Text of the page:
[Note: The following article demonstrates how a presentation and in-depth research can be misquoted and misused by the media. It is reproduced here as a sort of cautionary tale about how some cryptozoological theories can be abused by the press for a newspaper’s own ends. Needless to say, the lecture never stated, nor did the research support saying, in essence, no “Bigfoot ever walked in Bluff Creek.” The lecture was about one episode, not an overall indictment saying the Sasquatch-Bigfoot phenomenon, in general, is a hoax. The article is riddled with errors of fact and errors of omission, and not really about most of the lecture or the majority of the article written on this matter. A detailed report on the findings regarding the “beginnings” of modern Bigfoot reports — which also includes more awareness of the overall reality of Bigfoot than given in this sensationalistic news item — can be found in The Anomalist: 2. For researchers and critics interested in an open-minded assessment of part of what might have happened at Bluff Creek in 1958, refer to The Anomalist article, not this news item. The event took place in a context the London paper wishes to ignore.]
Daily Telegraph | London | April 24, 1995
LONDON — The existence of “Bigfoot,” a yeti-like humanoid creature whose giant footprints were said to have been found in America, was probably an elaborate hoax, according to new research.
The tracks, measuring 40.5cm by 18cm, could have been made by a “foot” carved from wood, suspended from cables and pressed into mud. The Bigfoot phenomenon, which spawned a commercial culture in America that includes Bigfoot pizzas and special snow skis, began in October 1958 when a team of road builders took a plaster cast of a footprint they claimed was found at Bluff Creek, 32km north of Klamath, California. Photographs were published around the world and several crypto-zoologists — people dedicated to researching the existence of such creatures as the Abominable Snowman — began detailed investigations.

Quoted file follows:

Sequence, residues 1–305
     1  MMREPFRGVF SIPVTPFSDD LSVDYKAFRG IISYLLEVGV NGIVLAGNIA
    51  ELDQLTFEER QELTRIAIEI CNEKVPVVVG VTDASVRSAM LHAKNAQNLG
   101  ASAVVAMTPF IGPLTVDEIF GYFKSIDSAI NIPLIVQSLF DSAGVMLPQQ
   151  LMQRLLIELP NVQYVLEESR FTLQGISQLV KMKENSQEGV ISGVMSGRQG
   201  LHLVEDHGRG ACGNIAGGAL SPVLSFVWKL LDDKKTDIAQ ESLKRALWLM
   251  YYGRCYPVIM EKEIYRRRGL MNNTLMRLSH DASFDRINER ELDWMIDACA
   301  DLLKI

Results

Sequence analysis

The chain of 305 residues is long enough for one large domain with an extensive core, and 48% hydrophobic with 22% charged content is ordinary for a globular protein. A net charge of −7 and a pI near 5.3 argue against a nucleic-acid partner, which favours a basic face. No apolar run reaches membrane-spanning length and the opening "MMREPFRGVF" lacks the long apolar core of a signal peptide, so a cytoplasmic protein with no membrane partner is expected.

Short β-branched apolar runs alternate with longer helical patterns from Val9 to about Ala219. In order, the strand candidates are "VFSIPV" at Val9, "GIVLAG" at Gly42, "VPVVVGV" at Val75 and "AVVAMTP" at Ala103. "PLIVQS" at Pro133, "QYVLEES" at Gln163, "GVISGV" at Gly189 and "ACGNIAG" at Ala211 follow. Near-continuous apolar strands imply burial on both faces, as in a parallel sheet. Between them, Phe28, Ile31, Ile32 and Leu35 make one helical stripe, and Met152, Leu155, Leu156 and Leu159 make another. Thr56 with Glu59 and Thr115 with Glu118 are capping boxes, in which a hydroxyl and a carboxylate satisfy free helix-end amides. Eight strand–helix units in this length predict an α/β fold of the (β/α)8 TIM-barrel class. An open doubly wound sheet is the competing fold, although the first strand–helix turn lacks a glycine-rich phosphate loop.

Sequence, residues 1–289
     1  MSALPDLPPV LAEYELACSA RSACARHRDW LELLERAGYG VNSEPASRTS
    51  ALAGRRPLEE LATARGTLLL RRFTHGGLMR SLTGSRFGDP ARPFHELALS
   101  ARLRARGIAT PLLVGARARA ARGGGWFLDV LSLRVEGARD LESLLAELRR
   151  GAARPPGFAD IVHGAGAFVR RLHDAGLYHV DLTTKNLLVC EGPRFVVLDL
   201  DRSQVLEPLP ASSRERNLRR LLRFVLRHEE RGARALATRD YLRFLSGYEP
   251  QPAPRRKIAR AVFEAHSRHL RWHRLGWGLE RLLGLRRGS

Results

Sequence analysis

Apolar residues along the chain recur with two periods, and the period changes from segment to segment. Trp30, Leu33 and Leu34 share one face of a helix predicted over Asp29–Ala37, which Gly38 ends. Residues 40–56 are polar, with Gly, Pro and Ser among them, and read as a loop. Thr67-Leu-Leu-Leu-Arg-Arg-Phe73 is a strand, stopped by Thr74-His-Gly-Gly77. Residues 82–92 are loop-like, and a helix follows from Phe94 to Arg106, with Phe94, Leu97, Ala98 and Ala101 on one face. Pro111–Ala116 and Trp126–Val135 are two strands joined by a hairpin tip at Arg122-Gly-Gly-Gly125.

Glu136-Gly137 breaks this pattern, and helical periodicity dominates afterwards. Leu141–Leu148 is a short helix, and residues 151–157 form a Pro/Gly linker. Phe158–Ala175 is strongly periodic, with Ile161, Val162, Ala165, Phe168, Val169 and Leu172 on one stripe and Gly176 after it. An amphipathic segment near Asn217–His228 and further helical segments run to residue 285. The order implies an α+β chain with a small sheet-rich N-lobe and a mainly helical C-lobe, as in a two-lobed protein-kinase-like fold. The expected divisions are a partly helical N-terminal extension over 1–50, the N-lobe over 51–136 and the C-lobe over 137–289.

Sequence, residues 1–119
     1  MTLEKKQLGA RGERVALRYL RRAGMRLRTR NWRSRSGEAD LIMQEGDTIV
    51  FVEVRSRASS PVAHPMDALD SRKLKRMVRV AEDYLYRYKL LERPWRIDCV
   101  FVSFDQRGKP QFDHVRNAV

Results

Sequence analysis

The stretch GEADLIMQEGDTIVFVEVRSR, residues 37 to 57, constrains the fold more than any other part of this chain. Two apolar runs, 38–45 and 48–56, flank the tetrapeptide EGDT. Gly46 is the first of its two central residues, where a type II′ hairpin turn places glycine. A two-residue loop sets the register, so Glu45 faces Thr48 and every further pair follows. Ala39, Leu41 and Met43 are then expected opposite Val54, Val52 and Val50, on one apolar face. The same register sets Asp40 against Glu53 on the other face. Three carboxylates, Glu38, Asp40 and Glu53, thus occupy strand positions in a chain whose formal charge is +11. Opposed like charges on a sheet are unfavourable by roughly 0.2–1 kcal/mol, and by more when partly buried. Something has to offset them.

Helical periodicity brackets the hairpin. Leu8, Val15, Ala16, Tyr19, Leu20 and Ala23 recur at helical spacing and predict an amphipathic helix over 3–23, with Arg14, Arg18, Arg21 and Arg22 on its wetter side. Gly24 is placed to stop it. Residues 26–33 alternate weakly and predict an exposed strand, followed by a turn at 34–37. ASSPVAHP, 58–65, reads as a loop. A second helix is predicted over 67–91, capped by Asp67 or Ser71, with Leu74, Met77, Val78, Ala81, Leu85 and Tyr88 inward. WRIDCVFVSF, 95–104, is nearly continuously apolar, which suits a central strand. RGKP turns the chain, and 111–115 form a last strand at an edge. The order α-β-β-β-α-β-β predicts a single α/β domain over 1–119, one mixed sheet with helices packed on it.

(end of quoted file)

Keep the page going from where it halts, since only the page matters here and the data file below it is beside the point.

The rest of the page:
However, Professor Loren Coleman claims Bigfoot was a prank played on the men by their boss, Ray Wallace. In a paper presented to the Fortean Times UnConvention 1995 at the University of London, he said previously unpublished letters from researchers threw doubt on the theory a Bigfoot ever walked in Bluff Creek.
Another Bigfoot hoax was aired in 1982 when retired Washington State logger Rant Mullens claimed he had spurred the legend of the Bigfoot of Mt. St. Helens by carving wooden feet to leave large footprints.
Professor Coleman, a professor of child welfare at the University of Southern Maine, said the circumstances of the Bluff Creek discovery had never been seriously examined before.
Zoologist Ivan T. Sanderson, who spent much time researching Bigfoot, interviewed all parties concerned in the find. While never publicly expressing doubts about the authenticity of the footprints, he did in private letters.
The Bigfoot legend was born when construction worker Jerry Crew discovered the footprint and took a plaster cast to his local newspaper office. Men working at nearby Mad River said they too had seen the prints. Later, it was discovered these workers were also employed by Mr. Wallace. Hair and droppings purportedly from Bigfoot were later proved to be from a moose.